Tuesday, June 05, 2007

Q&Q on Biblioasis, the TINY Windsor-based press

Quill & Quire write up Biblioasis's acquisition of Ryszard Kapuscinski's poetry collection. Note the word tiny. Is this smaller than a micro-press, but larger than a bread box? Or smaller than a small press, larger than a micro-press? (What I long for is the current adjective-in-favour: independent. As in: non-conglomerate. Sets up a nice David and Goliath storyline, without the negative associations of tiny, don't you think? Though we don't want to look too closely at how independent most of us tiny to small presses are, now do we? We might have to find another adjective that's not quite so ego-salving.

At least they didn't call Windsor the perineum of Canada, as a certain editor at Bookninja has recently done (he should know, when he comes to Windsor in November, I'll make sure that line is offered up to warm up the crowd. {Perineum? What the !#%*'s a perineum?})

Which would make Sarnia and Toronto what exactly, George?

So ... the Q&Q Omni piece ...

Biblioasis, a tiny press based in Windsor, Ontario, recently scored the North American rights to the first English translation of Ryszard Kapuscinski’s poetry, which will be published this fall. But despite the late Polish journalist and author's international renown, Biblioasis publisher and owner Daniel Wells didn’t have to work hard to get the title. “It came in the mail,” Wells said.

The collection’s Canadian translators, Marek Kubisa and Diana Kuprel, had shopped the book around to a few other publishers, but found none willing to take on the expense of a translation. So she tried Biblioasis after hearing about the press from a colleague.

Biblioasis, meanwhile, published two translated works by Goran Simic last year and was looking to launch an official international translation series. The Kapuscinski collection – which now bears the title I Wrote Stone, changed from the earlier The Things of This Earth – will be released in September.

Although the Canada Council for the Arts funds literary translation, it does so mainly between French and English, for works by Canadian authors. Which means projects like the Kapuscinski title are out of luck. “The fact that Biblioasis picked it up despite that, I thought, was pretty incredible,” Kuprel said.

For his part, Wells said that “[international translation] is very much a direction we’re going to be going in,” because he thinks it could raise Biblioasis’s profile. Wells said he hopes to publish at least one translation per season, and has lined up author Stephen Henighan to serve as series editor. Possible future titles include a novel about the Angolan civil war, written by an African-Portuguese writer named Ondjaki and translated by Henighan; and a German-language novel called Kahn and Engelmann: A Family Saga by Canadian scholar and author Hans Eichner, which will likely be partially funded by a grant from the Austrian government.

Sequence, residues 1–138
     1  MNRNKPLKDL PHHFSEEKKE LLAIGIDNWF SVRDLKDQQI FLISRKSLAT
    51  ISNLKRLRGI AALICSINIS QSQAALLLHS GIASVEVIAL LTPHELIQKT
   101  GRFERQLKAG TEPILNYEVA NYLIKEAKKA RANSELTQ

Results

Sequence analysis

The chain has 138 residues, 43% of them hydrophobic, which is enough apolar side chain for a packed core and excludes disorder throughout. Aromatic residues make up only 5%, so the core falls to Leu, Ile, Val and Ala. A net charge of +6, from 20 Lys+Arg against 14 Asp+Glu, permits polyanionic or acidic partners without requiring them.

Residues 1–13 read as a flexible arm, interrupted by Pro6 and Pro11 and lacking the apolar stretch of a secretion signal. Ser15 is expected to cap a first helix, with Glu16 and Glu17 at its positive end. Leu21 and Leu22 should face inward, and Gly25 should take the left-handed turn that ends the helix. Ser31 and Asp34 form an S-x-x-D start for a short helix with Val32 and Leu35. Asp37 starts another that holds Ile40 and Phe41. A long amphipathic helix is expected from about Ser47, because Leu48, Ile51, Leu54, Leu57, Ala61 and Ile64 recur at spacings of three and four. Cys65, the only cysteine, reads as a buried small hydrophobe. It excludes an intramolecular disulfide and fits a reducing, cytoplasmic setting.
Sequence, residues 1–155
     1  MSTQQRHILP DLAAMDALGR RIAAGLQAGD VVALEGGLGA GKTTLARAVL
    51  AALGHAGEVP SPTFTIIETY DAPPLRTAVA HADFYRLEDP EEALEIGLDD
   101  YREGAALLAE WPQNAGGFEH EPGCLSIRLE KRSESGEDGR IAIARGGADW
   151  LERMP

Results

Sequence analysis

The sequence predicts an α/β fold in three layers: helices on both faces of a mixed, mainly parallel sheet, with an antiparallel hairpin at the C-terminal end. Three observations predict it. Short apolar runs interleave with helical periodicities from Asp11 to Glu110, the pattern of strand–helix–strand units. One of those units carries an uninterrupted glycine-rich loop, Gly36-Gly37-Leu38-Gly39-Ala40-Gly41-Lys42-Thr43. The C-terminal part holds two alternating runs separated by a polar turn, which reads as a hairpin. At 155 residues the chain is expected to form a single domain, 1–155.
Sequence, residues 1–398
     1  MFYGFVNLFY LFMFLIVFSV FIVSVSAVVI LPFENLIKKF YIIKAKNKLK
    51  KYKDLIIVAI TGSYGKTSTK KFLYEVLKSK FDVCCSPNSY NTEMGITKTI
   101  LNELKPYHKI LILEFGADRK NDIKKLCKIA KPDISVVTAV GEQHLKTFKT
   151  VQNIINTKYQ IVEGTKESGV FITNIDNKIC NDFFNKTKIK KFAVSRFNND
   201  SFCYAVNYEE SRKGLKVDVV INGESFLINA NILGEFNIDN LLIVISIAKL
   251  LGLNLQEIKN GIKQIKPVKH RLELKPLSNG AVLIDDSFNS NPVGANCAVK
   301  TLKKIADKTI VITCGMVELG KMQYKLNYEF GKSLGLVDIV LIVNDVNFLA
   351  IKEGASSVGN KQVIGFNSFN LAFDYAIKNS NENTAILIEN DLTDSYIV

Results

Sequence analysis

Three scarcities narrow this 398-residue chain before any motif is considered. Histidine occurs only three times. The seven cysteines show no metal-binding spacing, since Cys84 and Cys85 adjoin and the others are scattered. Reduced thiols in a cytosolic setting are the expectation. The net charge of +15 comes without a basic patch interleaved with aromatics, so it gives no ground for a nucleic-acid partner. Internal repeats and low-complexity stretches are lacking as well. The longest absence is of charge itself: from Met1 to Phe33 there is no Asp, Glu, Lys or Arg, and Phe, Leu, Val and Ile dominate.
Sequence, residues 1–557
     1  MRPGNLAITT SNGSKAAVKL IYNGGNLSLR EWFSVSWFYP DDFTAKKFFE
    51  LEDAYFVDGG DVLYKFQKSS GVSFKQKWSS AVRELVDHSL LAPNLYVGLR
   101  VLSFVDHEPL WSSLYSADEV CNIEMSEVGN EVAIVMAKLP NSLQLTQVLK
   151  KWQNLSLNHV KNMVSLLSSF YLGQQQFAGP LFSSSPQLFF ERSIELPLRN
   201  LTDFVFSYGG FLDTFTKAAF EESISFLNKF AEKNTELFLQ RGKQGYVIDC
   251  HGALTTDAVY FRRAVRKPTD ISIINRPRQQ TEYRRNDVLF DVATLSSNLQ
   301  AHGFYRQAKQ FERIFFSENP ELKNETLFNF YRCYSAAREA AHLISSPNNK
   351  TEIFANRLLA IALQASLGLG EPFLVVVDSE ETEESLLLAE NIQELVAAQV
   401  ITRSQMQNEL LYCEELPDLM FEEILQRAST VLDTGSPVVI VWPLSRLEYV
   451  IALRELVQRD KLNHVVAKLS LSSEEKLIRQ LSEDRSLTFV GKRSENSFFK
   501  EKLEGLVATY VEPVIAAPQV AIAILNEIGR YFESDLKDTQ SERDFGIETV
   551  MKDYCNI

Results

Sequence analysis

After Kuprel offered the Kapuscinski collection to Biblioasis, the publisher formally bought the rights from Kapuscinski’s agent, Marianne Fritsch of the Zurich-based Liepman Literary Agency. Wells said that before Kapuscinski’s death, “he made it very clear this was something he wanted to see translated into English … so the money wasn’t really a concern. Which was good for us!


Anonymous said...

re: "tiny". Back when I was co-founder and co-editor for Villeneuve Publications (an enterprise that makes Biblioasis look like Random House), we liked to call ourselves a "bonsai" press.

re: "what the !@#$%? is a perineum"? ans: The site of a routine but mostly quite unnecessary surgical procedure, on account of which new mothers have to sit on inner tubes. "The stitches! oh god, the stitches!" as a character in a Dorothy Parker story (I Live on Your Visits) put it. (What this has to do with Windsor is anybody's guess.)

-Robyn Sarah

biblioasis said...

I'm not actually all that worried about our size: there are days, trust me, I wish we were more bonsai. But I have been doing a lot of thinking about how literary presses get labeled. The one that gets my goat most is 'independent'. A chest puffer of a term, signifying nothing. As if we're all revolutionaries with our cravats askew. Any press that considers the citizenship of a writer before the manuscript in question can lay no claim to being independent, and most quote-unquote independent presses do so. Indeed, it may be that some of these conglomerates are some of the only independent presses in the country. Fiscal realities, I can hear the chorus sing, and I'm quickly learning that they're telling the truth: but claims made about our purported independence ring no less false for that.

Zachariah Wells said...

Perineum: the area between the anus and the posterior part of the external genitalia. Guess that means that Windsor is neither sexy nor shitty. Or perhaps that it's a bit of both...

biblioasis said...

Thanks, Zach. Guess it wasn't clear I knew what it was. But I figure most in the audience when I introduce George will not.

You've seen Windsor, Zach: Shitty, with sex.

Aubadicus said...

Every time my old press was mentioned in Q&Q, we also got hit with that adjective. I think Q&Q are closet size-queens.

"Ooh, Mr. Davidar! Your press is so big!"

GM said...

I didn't see this until just now! Did I really say that about Windsor? I meant Sarnia.....